How to Train a Draft Horse


As with training any animal, training a draft horse takes time and, above all, patience. Draft horses when born can stand as high as 44 inches at the withers (shoulders), and can weigh as much as 175 pounds, so it is best to establish a good relationship with them from the time of birth. Keep in mind when training a draft horse that bigger horses sometimes require more time to react to commands so that while training, you will not correct or reprimand too early.

Things You'll Need

  • 10-to-12-foot long rope
  • Halter and lead rope
  • Driving bridle
  • Driving harness and lines (reins)
  • Double tree
  • Tire
  • Two 2-inch wide PVC pipes the length of the horse's body plus 5 feet
  • Cart, buggy or wagon

Teach Haltering, Tying and Leading

  • Draft horses, as with any healthy horse, stand up at birth. Establish a good relationship with a colt by placing your hand gently on both the chest and the rump. Light pressure is only required in the event the colt will not stand still. Whenever the colt is still, rubbing or petting all over will let the colt know you mean no harm. In addition, lifting and lowering the tail and combing it will help prepare the colt for that part of the harness. Repeat the process at least two or three times a day. The colt will get used to handling through grooming, as well. Brushing is a great way for the colt to get used to a kind hand.

  • Teaching the colt to lower its head is an important step for later bridling. Draft horses are usually too tall to reach the top of their heads, so they must be taught to lower their heads. You accomplish this by placing light pressure on the nose which automatically causes any horse to lower its head. Rubbing the nose gently will help the horse associate this lowering with pets on the muzzle, or, nose. The more you stroke the muzzle and get the horse used to you handling the head and ears, the easier it will be to put on the halter and bridle. When introducing the halter and bridle, let the horse see them and sniff them. Rub the halter or bridle over the neck, ears and muzzle. Soon, the colt will not be afraid of them and you can ease the halter or bridle around the head and ears.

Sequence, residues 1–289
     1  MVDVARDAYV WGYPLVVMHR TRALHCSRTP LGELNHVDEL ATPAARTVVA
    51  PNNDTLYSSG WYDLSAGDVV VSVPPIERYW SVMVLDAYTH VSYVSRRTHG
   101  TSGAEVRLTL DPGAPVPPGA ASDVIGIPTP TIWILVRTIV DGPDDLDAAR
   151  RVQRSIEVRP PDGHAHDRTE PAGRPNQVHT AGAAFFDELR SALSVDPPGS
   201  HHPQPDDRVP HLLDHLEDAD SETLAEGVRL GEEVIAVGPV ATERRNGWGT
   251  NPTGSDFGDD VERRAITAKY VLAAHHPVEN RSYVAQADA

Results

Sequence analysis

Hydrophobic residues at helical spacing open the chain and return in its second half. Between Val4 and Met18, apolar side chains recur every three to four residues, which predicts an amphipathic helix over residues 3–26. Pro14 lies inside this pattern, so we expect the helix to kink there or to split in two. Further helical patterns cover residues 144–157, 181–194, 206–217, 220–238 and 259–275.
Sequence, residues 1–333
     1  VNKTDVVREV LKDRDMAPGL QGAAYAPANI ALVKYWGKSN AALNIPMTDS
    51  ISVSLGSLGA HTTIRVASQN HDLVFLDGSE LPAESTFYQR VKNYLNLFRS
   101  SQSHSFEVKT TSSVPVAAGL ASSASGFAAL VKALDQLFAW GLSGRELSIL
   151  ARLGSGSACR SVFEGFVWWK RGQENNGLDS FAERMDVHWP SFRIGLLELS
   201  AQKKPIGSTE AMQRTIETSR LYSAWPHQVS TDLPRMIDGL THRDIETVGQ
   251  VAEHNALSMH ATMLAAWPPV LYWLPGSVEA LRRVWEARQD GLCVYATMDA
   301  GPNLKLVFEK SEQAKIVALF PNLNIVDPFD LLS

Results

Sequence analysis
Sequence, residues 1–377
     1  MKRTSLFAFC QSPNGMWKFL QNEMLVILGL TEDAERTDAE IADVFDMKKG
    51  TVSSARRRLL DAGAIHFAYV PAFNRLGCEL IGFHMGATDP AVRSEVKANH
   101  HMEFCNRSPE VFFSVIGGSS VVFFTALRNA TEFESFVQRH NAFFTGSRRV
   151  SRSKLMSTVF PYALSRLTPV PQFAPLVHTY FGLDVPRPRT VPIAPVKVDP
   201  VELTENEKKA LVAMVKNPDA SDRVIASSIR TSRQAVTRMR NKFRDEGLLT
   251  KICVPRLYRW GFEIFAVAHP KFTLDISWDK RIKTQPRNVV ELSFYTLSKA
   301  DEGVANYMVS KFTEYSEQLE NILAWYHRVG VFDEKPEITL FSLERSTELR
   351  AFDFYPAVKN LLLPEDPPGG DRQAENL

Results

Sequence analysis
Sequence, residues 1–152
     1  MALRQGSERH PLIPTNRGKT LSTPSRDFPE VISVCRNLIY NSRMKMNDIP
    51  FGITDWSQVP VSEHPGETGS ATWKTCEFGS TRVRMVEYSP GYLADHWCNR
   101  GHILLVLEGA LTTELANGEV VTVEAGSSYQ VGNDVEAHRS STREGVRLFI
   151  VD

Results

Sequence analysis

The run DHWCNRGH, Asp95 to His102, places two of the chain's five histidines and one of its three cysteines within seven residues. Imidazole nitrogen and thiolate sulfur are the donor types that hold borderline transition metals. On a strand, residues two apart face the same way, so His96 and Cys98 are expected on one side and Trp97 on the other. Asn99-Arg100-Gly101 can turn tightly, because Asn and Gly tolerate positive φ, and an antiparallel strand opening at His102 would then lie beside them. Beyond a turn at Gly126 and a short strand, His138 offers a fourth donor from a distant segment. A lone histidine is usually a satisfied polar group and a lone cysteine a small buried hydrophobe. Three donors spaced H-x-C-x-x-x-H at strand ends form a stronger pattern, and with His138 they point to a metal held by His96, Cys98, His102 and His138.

• Training to lead can be simplified by wrapping the lead rope around the saddle horn of a horse you are riding. The colt then learns by establishing a point where there is no pressure on its halter. At first, the colt will be either dragged by the horse you are riding, or run ahead and be pulled back. Eventually, the colt will learn where it is comfortable to be led. Another way to train a colt to lead is to tie the colt to a well-trained donkey or other colt that has learned the proper way to lead.

  • When tied, a horse should not pull back or balk, act restless or paw at the ground. Start out tying the colt near the mother to avoid restlessness. The knot should be made so that you can release it in a hurry if necessary. At first, a colt should not be tied to a solid object in case the colt balks. To avoid injury, tie the lead rope through an inner tube for flexibility. Observation is important during training. If the colt pulls back, you will need to clap loudly to get him to stop. Leave the colt tied in short sessions at first: five minutes, five times per week. After the colt learns to stand still, you can increase the amount of time it is left tied and tie it to something solid such as a hitching rail. A horse should be tied at wither level or above to prevent injury and decrease the amount of resistance the horse has if it should pull back.